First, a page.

Title

Antisense and nuclear medicine

UMMS Affiliation

Department of Radiology, Division of Nuclear Medicine

Date

4-21-1999

Document Type

Article

Subjects

Animals; *DNA, Antisense; Humans; *Nuclear Medicine; Radiopharmaceuticals

Disciplines

Life Sciences | Medicine and Health Sciences

Abstract

Despite many uncertainties concerning mechanism, synthetic single-strand antisense deoxyribonucleic acids (DNAs) are now in clinical trials for the chemotherapy of viral infections such as human immunodeficiency virus (HIV) and human papilloma virus; several cancers, including follicular lymphoma and acute myelogenous leukemia; inflammatory processes such as Crohn's disease and rheumatoid arthritis and in allergic disorders. There are approximately 10 trials, and early results are generally encouraging. Therefore, the expectation is that antisense DNAs will be important to future chemotherapy. The question considered here is whether antisense DNAs will also be important to future nuclear medicine imaging. While efforts toward developing antisense imaging are comparatively nonexistent thus far, investigations into the mechanisms of cellular transport and localization and the development of a second generation of antisense DNAs have occurred largely within the antisense chemotherapy industry. Fortunately, many of the properties of DNA for antisense imaging, such as high in vivo stability and adequate cell membrane transport, are the same as those for antisense chemotherapy. Unfortunately, interests diverge in the case of several other key properties. For example, rapid localization and clearance kinetics of the radiolabel and prolonged retention in the target are requirements unique to nuclear medicine. No doubt the development of antisense imaging will continue to benefit from improvements in the antisense chemotherapy industry. However, a considerable effort will be required to optimize this approach for imaging (and radiotherapy). The potential of specifically targeting virtually any disease or normal tissue should make this effort worthwhile.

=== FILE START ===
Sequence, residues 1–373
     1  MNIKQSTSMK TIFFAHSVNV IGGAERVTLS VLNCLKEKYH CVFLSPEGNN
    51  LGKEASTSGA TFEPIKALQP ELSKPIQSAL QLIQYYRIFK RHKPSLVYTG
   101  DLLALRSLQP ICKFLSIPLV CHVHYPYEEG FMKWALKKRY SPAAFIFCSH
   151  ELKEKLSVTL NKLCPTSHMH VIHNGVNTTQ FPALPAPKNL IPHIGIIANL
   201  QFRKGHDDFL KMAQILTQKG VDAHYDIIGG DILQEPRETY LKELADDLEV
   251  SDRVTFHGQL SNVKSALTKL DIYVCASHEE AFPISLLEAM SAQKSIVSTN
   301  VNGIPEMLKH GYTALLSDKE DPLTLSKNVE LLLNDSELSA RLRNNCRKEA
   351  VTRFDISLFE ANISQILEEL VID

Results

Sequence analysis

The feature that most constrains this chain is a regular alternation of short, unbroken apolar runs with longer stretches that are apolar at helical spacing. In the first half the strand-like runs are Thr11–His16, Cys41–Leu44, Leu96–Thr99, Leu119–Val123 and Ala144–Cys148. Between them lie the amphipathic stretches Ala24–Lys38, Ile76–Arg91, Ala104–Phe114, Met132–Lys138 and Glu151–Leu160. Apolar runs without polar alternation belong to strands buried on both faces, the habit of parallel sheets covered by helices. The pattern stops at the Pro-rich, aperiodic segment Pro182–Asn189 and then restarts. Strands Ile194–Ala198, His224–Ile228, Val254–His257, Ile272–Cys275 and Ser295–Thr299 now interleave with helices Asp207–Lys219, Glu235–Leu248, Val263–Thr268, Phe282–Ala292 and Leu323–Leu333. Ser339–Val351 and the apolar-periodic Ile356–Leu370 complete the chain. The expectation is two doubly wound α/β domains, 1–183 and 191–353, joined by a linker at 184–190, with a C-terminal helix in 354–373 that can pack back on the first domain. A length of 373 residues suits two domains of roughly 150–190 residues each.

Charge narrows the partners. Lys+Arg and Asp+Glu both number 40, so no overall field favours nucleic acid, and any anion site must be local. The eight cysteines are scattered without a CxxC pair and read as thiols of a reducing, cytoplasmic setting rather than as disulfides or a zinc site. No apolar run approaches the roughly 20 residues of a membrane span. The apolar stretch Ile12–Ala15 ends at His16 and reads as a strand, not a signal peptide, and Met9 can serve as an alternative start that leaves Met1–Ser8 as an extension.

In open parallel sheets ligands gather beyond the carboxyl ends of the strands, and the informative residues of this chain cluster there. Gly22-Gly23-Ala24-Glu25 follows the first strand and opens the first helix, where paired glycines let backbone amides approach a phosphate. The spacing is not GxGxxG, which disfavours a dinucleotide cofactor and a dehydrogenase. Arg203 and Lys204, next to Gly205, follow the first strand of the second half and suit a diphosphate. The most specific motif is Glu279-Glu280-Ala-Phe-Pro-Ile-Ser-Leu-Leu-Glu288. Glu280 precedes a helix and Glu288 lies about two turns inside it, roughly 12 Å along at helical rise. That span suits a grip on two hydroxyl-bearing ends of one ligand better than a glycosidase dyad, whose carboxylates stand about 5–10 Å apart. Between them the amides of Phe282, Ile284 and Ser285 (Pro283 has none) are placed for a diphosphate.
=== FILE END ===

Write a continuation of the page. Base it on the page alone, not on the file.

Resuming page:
Rights and Permissions

Citation: J Nucl Med. 1999 Apr;40(4):693-703.

Related Resources

Link to Article in PubMed

Journal Title

Journal of nuclear medicine : official publication, Society of Nuclear Medicine

PubMed ID

10210231